Following the second battle for the city in 2015, the Syrian government controlled 25% of the city while Rojava controlled 75%. On August 16, 2016, a small skirmish erupted into the third Battle of al-Hasakah between Asayish alongside YPG and the Syrian government for al-Hasakah. After a week-long battle, Kurdish fighters secured control over 95% of the city.[26]

Russia mediated a ceasefire that was put into place on August 23, 2016.[27] Only civilian police officers and interior ministry forces were allowed to return to the Security Box to protect the government's department buildings. In July 2018, the Syrian Army raised the Syrian flag over the Al-Nashwa District that previously was controlled by the YPG and the Asayish security forces in the city of Hasakah.[28] However, in September through November 2019, Asayish forces were still present in al-Nashwa district and able to make arrests.[29][30]


Al-Hasakah has a Mediterranean-influenced semi-arid climate (BSh) with very hot dry summers and cool wet winters.

Climate data for Al-Hasakah (1961–1990)
Month Jan Feb Mar Apr May Jun Jul Aug Sep Oct Nov Dec Year
Average high °C (°F) 10.7
Daily mean °C (°F) 5.2
Average low °C (°F) 0.6
Average precipitation mm (inches) 51.5
Average precipitation days (≥ 1.0 mm) 7.0 6.4 6.6 6.2 2.7 0.2 0.1 0.0 0.1 2.5 3.8 6.2 41.8
Mean monthly sunshine hours 142.6 159.6 210.8 234.0 303.8 357.0 393.7 356.5 297.0 248.0 192.0 142.6 3,037.6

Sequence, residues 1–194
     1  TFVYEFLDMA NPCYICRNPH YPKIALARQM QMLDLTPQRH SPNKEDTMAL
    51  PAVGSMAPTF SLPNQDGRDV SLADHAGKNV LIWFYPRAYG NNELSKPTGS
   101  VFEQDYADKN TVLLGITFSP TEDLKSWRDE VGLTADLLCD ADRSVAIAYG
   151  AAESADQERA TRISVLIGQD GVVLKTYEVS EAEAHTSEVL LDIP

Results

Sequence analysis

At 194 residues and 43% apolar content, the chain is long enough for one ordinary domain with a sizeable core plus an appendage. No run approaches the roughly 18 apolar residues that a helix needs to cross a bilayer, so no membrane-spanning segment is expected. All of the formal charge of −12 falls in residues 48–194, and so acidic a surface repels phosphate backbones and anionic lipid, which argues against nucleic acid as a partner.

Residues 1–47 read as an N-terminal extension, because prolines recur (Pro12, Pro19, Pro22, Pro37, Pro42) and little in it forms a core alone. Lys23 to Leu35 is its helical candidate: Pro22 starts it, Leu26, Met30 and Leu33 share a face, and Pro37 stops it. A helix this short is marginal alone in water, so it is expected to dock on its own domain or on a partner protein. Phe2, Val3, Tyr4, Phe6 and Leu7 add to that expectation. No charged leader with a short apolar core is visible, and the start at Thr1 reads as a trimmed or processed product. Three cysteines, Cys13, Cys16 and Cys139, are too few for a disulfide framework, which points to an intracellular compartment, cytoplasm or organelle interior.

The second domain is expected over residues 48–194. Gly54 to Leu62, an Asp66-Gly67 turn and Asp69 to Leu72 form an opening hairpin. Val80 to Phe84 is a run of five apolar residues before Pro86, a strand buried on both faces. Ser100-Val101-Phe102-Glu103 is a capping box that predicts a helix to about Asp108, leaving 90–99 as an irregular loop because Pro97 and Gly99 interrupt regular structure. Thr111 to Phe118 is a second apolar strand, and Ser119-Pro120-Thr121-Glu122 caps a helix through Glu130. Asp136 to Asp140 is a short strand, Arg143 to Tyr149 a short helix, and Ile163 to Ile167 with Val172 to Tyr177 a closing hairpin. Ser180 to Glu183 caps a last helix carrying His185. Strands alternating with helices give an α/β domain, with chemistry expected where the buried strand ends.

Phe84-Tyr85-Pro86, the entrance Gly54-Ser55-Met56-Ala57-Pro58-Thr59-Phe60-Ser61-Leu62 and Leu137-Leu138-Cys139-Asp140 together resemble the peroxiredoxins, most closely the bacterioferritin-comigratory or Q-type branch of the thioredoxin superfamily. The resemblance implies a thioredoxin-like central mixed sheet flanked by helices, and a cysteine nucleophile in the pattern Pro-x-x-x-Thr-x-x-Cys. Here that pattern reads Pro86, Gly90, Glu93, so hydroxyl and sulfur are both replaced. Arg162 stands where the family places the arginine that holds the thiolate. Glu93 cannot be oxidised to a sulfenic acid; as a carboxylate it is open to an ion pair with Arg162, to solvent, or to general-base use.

Mean daily sunshine hours 4.6 5.7 6.8 7.8 9.8 11.9 12.7 11.5 9.9 8.0 6.4 4.6 8.7
Source: NOAA[31]



Historical population

In 1939, French mandate authorities reported the following population numbers for different ethnic/religious groups in al-Hasakah city centre.[32]


In 2004 the city's population was 188,160. Al-Hasakah has an ethnically diverse population of Kurds, Arabs and Assyrians and a smaller number of Armenians.[3][4]

The United Nations estimates that violence related to the Syrian Civil War has displaced up to 120,000 people.[33]


There are more than forty mosques in the city, as well as at least nine church buildings, serving a large number of Christians of various rites. The cathedral of the Assumption of Mary is the episcopal see of the non-metropolitan Syriac Catholic Archeparchy of Al Hasakah-Nisibis, which depends directly on the Syriac Catholic Patriarch of Antioch.


The city of Al-Hasakah is divided into 5 districts, which are Al-Madinah, Al-Aziziyah, Ghuwayran, Al-Nasra and Al-Nashwa. These districts, in turn, are divided into 29 neighborhoods.[34]

English Name Arabic Name Population Neighborhoods (Population)